- Open Access
Existence of solutions for nonlocal p-Laplacian thermistor problems on time scales
© Song and Gao; licensee Springer. 2013
Received: 1 September 2012
Accepted: 18 December 2012
Published: 4 January 2013
In this paper, a nonlocal initial value problem to a p-Laplacian equation on time scales is studied. The existence of solutions for such a problem is obtained by using the topological degree method.
where is the p-Laplace operator defined by , , with q the Hölder conjugate of p, i.e., , , , is continuous ( denotes positive real numbers), is left dense continuous, and A is a real constant.
This model arises in ohmic heating phenomena, which occur in shear bands of metals which are deformed at high strain rates [1, 2], in the theory of gravitational equilibrium of polytropic stars , in the investigation of the fully turbulent behavior of real flows, using invariant measures for the Euler equation , in modeling aggregation of cells via interaction with a chemical substance (chemotaxis) . For the one-dimensional case, problems with the nonlocal initial condition appear in the investigation of diffusion phenomena for a small amount of gas in a transparent tube [6, 7]; nonlocal initial value problems in higher dimension are important from the point of view of their practical applications to modeling and investigating of pollution processes in rivers and seas, which are caused by sew-age .
The study of dynamic equations on time scales has led to some important applications [9–11], and an amount of literature has been devoted to the study the existence of solutions of second-order nonlinear boundary value problems (e.g., see [12–18]).
Motivated by the above works, in this paper, we study the existence of solutions to Problem (1.1), (1.2). Compared with the works mentioned above, this article has the following new features: firstly, the main technique used in this paper is the topological degree method; secondly, Problem (1.1), (1.2) involves the integral initial condition.
The paper is organized as follows. We introduce some necessary definitions and lemmas in the rest of this section. In Section 2, we provide some necessary preliminaries, and in Section 3, the main results are stated and proved.
for all . If , t is said to be right scattered, and if , r is said to be left scattered. If , t is said to be right dense, and if , r is said to be left dense. If has a right scattered minimum m, define ; otherwise, set . If has a left scattered maximum M, define ; otherwise, set .
for all .
Throughout this paper, we assume that is a nonempty closed subset of ℝ with , .
Lemma 1.1 (Alternative theorem)
- (i)For any , there exists a unique , such that
- (ii)There exists an , , such that
Let be a Banach space equipped with the maximum norm .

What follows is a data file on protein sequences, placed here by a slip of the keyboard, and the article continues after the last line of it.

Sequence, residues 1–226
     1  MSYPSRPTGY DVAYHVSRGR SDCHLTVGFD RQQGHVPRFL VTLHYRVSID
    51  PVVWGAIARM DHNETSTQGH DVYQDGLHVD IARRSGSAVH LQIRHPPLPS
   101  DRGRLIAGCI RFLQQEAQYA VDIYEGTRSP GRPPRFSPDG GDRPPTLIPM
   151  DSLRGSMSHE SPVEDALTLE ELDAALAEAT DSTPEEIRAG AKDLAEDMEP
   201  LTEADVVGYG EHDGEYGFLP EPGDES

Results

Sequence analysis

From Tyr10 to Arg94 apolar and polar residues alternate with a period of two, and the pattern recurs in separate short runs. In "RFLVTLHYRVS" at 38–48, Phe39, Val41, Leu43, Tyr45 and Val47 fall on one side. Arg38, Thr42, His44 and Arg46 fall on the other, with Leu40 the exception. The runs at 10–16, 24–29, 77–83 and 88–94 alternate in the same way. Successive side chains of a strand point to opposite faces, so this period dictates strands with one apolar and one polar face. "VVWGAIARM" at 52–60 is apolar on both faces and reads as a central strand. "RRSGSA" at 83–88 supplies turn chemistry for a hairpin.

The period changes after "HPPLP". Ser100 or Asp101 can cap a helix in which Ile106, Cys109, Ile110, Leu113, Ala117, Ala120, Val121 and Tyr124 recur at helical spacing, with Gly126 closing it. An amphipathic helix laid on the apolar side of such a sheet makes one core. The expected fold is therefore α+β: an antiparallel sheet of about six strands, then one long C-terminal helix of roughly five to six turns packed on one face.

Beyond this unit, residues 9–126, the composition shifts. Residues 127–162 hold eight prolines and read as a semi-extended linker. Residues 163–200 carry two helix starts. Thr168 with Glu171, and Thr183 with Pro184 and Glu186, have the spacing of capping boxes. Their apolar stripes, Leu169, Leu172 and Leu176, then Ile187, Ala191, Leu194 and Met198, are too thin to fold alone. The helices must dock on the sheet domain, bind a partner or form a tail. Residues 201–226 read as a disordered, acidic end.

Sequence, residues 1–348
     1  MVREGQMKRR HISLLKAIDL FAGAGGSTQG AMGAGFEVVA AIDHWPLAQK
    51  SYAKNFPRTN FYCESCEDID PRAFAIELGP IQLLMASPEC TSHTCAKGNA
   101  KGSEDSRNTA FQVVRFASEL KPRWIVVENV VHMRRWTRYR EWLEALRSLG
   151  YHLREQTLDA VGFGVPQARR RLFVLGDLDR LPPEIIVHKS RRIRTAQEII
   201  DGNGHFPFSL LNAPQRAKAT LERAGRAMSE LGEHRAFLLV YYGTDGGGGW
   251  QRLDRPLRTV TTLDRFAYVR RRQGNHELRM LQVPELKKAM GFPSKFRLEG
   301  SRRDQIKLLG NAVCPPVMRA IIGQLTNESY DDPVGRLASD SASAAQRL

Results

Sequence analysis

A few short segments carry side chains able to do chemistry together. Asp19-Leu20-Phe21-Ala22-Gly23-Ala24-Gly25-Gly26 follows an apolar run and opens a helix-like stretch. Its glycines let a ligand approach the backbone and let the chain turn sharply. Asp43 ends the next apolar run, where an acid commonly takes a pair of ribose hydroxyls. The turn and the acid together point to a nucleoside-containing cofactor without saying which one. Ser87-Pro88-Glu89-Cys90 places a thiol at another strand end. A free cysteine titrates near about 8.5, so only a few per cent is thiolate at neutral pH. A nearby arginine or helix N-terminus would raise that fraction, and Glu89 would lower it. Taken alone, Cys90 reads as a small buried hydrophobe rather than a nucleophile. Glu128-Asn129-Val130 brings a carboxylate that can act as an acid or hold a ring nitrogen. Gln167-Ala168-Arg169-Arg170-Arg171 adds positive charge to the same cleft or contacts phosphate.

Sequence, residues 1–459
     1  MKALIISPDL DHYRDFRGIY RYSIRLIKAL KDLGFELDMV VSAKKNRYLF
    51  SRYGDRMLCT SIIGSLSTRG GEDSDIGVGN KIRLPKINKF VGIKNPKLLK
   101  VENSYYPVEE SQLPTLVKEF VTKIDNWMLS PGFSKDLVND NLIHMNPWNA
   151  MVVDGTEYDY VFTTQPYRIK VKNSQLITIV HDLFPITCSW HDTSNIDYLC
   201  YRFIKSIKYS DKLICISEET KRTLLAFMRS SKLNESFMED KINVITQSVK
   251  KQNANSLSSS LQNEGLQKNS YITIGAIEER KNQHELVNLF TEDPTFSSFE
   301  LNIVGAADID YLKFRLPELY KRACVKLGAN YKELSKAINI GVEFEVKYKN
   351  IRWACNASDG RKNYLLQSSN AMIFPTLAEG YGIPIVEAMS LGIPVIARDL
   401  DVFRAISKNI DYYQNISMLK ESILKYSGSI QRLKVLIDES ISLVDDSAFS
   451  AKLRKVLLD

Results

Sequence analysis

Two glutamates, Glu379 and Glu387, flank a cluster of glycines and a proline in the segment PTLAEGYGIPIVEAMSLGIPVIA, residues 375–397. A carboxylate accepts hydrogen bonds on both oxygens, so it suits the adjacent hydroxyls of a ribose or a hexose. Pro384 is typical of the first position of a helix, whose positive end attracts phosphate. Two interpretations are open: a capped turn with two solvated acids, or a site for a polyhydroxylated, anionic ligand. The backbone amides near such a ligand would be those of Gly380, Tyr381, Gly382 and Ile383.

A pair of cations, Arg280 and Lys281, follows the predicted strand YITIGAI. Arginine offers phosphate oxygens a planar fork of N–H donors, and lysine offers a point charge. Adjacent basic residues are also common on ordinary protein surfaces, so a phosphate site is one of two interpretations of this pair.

where , .
Thus, is a solution to (2.1), (2.2) if and only if it is a solution to (2.4).
Lemma 2.1 is a Fredholm operator.
Proof To prove that is a Fredholm operator, we need only to show that K is completely continuous.
It is easy to see from the definition of K that K is a bounded linear operator from to . Obviously, . So, K is a completely continuous operator. This completes the proof. □
Lemma 2.2 Problem (2.1), (2.2) admits a unique solution.
Proof Since Problem (2.1), (2.2) is equivalent to Problem (2.4), we need only to show that Problem (2.4) has a unique solution.
has a trivial solution only.
which is a contradiction to the assumptions and .
Thus, we complete the proof. □
3 Main results
Throughout this section, we assume that the following conditions hold.
(H2) is continuous;
(H3) is left dense continuous and ;
(H4) , and , when ;
(H5) , and , when .
In order to prove the existence of solutions to (3.1), we need the following lemmas.
Lemma 3.1 F is completely continuous.
This shows that is uniformly bounded.
Thus, it is easy to prove that is equicontinuous. This together with the Ascoli-Arzelà theorem guarantees that is relatively compact in .
Therefore, F is completely continuous. The proof of Lemma 3.1 is completed. □
Theorem 3.1 Assume that conditions (H1)-(H5) hold. Then Problem (1.1), (1.2) has at least one solution.
has at least one solution.
and it is clear that H is completely continuous.
To apply the Leray-Schauder degree to , we need only to show that there exists a ball in , whose radius R will be fixed later, such that .
This implies and hence we obtain .
Since , we know that (3.2) admits a solution , which implies that (1.1), (1.2) also admits a solution in . □
This work was supported by NSFC (11271154) and by Key Lab of Symbolic Computation and Knowledge Engineering of Ministry of Education and by the 985 program of Jilin University, and the first author is also supported by the Youth Studies Program of Jilin University of Finance and Economics (XJ2012006).
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